She is a rafting guide in the summer and an ice climber in the winter. A free climber, a trad climber... other kinds I'm sure I don't want to know about. She buried her beloved dog, by herself, on the Wyoming tundra. Breaking ice to dig, and "facing West because Lola always loved the sunset."

She rappelled down a mountain with a baby goat zipped into her North Face jacket. She set her clothes on fire to scare off a mountain lion while illegally camping in a national park. She raced her sailboat, flipped it, and came out of the water laughing about it. When we were little, she cut my hair in my sleep because I put my snake in her bed.

One time she was watching the kids for a couple hours, and when we got home she had sanded and stained our kitchen table.

If she has enough money to buy human food or dog food, guess who's going to be hungry?

If something is easy, you can be absolutely 100% sure Anne will find a hard way to do it. But she'll still do it.

She has a toolbox with hacksaws and plumb bobs and awls, as well as, of course, baling wire.

If she's standing at an intersection in Austin, there's a 50% chance someone's going to pull over and give her some change.

She also makes really great biscotti, and herb bread. And she brought me a package of wild hog meat yesterday, and then cooked it while we were out.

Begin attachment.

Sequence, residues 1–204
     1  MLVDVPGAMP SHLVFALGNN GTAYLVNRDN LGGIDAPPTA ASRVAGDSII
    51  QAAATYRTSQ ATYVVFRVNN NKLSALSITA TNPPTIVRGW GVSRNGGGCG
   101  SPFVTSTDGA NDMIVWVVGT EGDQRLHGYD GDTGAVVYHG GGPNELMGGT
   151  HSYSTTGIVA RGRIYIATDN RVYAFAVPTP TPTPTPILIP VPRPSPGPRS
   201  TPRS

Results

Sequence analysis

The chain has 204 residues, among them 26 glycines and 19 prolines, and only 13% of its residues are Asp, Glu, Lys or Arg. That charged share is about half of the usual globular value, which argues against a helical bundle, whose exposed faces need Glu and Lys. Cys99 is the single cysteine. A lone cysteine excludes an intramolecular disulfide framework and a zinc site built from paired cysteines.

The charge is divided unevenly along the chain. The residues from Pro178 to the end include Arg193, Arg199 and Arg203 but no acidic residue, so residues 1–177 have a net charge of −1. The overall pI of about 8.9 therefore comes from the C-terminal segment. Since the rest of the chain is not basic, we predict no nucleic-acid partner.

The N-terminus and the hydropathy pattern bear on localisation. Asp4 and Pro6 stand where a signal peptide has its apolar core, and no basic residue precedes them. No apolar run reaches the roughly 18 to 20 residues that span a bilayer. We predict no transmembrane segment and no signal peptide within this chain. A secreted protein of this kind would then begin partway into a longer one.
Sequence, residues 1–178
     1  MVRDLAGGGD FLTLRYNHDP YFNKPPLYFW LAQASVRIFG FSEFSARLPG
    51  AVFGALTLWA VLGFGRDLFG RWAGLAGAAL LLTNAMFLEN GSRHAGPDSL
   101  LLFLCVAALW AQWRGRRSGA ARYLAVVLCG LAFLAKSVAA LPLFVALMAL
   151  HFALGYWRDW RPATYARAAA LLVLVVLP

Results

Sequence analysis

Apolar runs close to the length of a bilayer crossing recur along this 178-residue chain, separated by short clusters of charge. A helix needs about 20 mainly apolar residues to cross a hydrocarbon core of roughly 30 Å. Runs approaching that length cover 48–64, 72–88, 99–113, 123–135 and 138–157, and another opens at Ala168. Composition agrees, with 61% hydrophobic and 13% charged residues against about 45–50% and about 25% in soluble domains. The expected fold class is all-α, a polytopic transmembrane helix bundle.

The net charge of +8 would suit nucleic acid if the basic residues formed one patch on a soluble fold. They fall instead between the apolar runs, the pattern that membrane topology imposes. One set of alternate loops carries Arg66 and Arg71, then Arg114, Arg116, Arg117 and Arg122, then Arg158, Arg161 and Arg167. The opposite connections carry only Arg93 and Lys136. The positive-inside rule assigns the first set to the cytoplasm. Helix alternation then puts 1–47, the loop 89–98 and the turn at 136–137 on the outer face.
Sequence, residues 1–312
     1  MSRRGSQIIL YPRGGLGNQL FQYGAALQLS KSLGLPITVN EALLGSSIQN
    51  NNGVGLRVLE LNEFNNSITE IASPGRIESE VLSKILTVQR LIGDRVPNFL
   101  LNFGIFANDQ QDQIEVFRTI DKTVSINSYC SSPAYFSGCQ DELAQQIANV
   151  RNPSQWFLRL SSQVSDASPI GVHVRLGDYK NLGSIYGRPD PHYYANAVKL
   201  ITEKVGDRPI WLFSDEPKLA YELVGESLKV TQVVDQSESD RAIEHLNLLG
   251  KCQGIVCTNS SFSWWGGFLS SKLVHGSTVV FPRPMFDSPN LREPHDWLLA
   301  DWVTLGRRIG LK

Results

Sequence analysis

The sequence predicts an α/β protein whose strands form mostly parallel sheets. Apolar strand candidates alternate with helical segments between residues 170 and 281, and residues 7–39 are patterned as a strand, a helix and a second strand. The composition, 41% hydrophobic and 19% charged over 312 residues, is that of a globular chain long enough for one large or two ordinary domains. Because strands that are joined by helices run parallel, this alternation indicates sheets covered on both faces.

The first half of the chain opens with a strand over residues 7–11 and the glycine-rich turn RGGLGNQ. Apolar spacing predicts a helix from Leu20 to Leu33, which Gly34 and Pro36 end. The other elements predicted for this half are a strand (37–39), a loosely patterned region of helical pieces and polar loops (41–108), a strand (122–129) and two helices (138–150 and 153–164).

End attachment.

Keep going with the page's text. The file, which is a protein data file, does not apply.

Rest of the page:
She never met a distressed animal that didn't follow her home. Including rabid tomcats and fox kits. When we were little she taught our parakeet to tightrope walk.

She's the kind of person who, when they come to visit you, leaves all their stuff on the couch and disappears, and then you get a text at night that says "camping on the Comal."

Of course, she's also the kind of person you can call when you need help, and she'll hitchhike to your house, or scam a bus pass, or just walk, but she'll get there. And you can pay her for babysitting in chocolate milkshakes.

And you know, someone saw her kayaking on the Comal the other day and offered her a job, as a kayaking guide.

By the way, if anyone likes the look of this LOVELY moneypit vintage Bronco, dead parked in front of my house... make my sister an offer.

But be generous. It's her birthday!

Thursday, June 2, 2011

Our Apple

It's dance recital season, ya'll. If you know a little person who likes to dance, you have very likely gone to one of these or are planning on going.

I can tell you, even with a poopy baby on my lap, it was a damn good time.

Wren was an apple, a very important narrative element from the Wizard of Oz (yeah I didn't remember them either). She and her troop of fellow apples tapped Dorothy along the yellow brick road and it was totally awesome.

We were so proud of her for practicing (sort of) hard and for being so brave in front of a seriously huge audience.

Since she was backstage she only got to see the one dance right before the apples, so we're going to try to borrow a DVD so she can watch the whole thing. Tapestry did an amazing job of fitting in all the different classes and skill levels and keeping the whole thing actually really entertaining for the audience. I was completely floored by the skill level of the senior dancers- not a new feeling for me. I am generally in a low-level state of awe at the relative coordinatedness of my fellow humans, compared to my total lack.

All that to say, it was awesome and we're proud of Wren. And Jane came away impressed by the green witch and the flying (tapping) monkeys, of course.